Gill v. Iran Case

Osen LLC (together with Turner & Associates, P.A.) obtained a $30,000,000 judgment on behalf of Mati Gill, an American injured during an Iranian-sponsored terrorist attack perpetrated by the U.S.-designated Foreign Terrorist Organization Hamas.


The case, captioned Gill v. Iran, alleges that Iran has provided longstanding, substantial financial and logistical support to Hamas predicated on Hamas’s agreement to commit terrorist acts against Jews in Israel. The Complaint further alleges that Hamas has perpetrated numerous terror attacks against Israeli targets, including the April 4, 2008 shooting attack on Mr. Gill, at the time an aide to Israel’s Public Security Minister. In support of his motion for default judgment, Mr. Gill proferred extensive expert testimony establishing Hamas’s responsibility for the attack and Iran’s prodigious support for Hamas. 


The Complaint was brought under the Terrorism Exception of the Foreign Sovereign Immunities Act (FSIA), which is the legal basis for asserting jurisdiction over foreign states that are designated as State Sponsors of Terrorism. To be eligible to bring a lawsuit against one of the countries on the list, a plaintiff must be seeking money damages for personal injuries or death caused by (1) an act of torture, (2) extrajudicial killing, (3) aircraft sabotage, (4) hostage taking, or (5) the provision of material support or resources for one of those four acts.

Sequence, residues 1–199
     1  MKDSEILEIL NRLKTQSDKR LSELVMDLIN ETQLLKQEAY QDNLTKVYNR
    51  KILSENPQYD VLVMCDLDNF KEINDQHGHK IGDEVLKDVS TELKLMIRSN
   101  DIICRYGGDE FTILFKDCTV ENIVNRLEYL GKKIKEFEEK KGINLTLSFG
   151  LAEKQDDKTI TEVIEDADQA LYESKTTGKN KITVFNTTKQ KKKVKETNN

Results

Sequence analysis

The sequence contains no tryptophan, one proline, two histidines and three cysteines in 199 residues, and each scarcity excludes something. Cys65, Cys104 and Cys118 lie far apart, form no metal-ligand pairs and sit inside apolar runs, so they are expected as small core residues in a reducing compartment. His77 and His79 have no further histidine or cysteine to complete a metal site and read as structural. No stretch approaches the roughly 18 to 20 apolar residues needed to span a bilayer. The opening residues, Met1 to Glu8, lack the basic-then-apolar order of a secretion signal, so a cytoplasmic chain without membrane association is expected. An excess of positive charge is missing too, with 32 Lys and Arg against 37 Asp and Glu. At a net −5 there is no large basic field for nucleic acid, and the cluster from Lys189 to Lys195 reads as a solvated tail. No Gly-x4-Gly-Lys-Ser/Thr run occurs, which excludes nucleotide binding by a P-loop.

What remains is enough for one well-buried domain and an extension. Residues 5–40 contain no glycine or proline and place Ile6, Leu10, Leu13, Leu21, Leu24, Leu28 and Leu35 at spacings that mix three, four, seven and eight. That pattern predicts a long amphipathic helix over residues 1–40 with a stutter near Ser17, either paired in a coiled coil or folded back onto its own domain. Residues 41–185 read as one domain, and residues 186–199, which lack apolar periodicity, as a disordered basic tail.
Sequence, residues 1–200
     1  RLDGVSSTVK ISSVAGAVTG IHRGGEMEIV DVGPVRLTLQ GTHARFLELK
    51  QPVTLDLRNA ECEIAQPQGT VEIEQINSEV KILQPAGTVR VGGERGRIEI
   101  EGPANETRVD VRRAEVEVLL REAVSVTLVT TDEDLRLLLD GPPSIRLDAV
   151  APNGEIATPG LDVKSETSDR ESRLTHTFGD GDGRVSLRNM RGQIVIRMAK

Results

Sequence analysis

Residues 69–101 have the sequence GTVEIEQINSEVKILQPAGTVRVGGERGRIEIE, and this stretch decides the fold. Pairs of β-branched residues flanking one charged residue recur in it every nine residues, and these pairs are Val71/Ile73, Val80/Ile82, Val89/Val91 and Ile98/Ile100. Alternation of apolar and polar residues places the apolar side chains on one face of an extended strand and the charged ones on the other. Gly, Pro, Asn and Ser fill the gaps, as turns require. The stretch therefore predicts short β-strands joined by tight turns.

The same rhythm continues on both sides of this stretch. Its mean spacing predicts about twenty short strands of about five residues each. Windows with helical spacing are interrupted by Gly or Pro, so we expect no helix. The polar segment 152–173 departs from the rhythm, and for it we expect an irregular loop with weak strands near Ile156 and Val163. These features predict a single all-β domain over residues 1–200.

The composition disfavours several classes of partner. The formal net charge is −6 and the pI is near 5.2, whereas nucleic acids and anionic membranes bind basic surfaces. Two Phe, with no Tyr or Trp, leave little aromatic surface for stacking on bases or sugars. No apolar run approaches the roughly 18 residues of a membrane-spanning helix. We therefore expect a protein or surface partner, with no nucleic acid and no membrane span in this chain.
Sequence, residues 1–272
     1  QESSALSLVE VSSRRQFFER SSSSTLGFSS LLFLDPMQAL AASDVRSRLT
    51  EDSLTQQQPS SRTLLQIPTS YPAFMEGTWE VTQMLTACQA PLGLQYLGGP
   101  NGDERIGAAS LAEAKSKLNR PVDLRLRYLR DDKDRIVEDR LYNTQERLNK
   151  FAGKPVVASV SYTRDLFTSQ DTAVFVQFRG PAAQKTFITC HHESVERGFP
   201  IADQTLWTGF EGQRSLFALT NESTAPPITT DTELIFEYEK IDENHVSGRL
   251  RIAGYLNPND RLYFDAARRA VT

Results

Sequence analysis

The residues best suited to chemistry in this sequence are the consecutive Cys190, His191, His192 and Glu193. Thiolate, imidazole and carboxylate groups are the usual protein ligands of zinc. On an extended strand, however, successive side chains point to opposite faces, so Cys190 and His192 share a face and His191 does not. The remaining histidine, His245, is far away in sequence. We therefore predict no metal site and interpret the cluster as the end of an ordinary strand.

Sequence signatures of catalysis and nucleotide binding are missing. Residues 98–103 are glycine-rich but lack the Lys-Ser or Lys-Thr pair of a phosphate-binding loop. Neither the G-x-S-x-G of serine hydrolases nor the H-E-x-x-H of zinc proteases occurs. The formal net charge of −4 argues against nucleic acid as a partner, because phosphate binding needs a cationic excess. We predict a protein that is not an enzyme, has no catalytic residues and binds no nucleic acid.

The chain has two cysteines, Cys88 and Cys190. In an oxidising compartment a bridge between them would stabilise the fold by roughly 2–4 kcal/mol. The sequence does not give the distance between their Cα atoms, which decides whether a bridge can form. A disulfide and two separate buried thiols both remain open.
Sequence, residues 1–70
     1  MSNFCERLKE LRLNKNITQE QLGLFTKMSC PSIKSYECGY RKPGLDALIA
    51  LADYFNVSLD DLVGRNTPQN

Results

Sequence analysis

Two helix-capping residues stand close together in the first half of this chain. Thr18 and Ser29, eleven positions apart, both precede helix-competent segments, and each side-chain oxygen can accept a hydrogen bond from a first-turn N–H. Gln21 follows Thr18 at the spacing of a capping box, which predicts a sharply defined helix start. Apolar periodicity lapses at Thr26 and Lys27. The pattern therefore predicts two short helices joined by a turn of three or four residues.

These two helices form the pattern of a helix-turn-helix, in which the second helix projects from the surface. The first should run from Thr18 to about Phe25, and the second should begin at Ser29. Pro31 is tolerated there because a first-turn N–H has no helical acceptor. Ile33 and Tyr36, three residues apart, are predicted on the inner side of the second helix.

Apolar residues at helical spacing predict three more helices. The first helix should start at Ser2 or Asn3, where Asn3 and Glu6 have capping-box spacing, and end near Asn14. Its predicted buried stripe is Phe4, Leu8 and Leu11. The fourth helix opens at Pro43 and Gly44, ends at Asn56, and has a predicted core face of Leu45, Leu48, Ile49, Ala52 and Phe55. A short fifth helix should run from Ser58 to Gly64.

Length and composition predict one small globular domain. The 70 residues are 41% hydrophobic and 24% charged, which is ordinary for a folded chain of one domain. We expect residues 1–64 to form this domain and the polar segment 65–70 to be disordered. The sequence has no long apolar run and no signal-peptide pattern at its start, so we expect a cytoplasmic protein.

In its March 31, 2017 Order, the Court ruled that the Terrorism Exception’s text and history supported the conclusion that the term “extrajudicial killing” in the FSIA statute included within its meaning acts of attempted extrajudicial killing. The Court further ruled that Mr. Gill’s injury met the law’s jurisdictional requirements. Lastly, the Court also found that the “plaintiff provided sufficient evidence to establish that Iran is vicariously liable for assault and battery under the Act because it engaged in a civil conspiracy with Hamas to commit terrorist activities, and Hamas is responsible for the attempted extrajudicial killing that injured the plaintiff.”